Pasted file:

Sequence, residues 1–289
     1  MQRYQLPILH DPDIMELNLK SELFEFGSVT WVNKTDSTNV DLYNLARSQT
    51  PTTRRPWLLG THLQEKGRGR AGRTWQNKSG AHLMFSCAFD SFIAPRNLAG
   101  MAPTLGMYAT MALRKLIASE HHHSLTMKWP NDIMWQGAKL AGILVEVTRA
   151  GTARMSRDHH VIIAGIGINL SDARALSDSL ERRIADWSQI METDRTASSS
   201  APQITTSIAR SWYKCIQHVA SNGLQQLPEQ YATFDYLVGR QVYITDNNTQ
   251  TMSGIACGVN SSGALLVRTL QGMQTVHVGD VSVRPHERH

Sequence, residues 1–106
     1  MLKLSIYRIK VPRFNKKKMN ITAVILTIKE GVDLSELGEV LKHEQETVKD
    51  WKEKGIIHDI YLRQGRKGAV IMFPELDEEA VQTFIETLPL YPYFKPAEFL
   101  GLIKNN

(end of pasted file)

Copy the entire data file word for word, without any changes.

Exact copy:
Sequence, residues 1–289
     1  MQRYQLPILH DPDIMELNLK SELFEFGSVT WVNKTDSTNV DLYNLARSQT
    51  PTTRRPWLLG THLQEKGRGR AGRTWQNKSG AHLMFSCAFD SFIAPRNLAG
   101  MAPTLGMYAT MALRKLIASE HHHSLTMKWP NDIMWQGAKL AGILVEVTRA
   151  GTARMSRDHH VIIAGIGINL SDARALSDSL ERRIADWSQI METDRTASSS
   201  APQITTSIAR SWYKCIQHVA SNGLQQLPEQ YATFDYLVGR QVYITDNNTQ
   251  TMSGIACGVN SSGALLVRTL QGMQTVHVGD VSVRPHERH

Sequence, residues 1–106
     1  MLKLSIYRIK VPRFNKKKMN ITAVILTIKE GVDLSELGEV LKHEQETVKD
    51  WKEKGIIHDI YLRQGRKGAV IMFPELDEEA VQTFIETLPL YPYFKPAEFL
   101  GLIKNN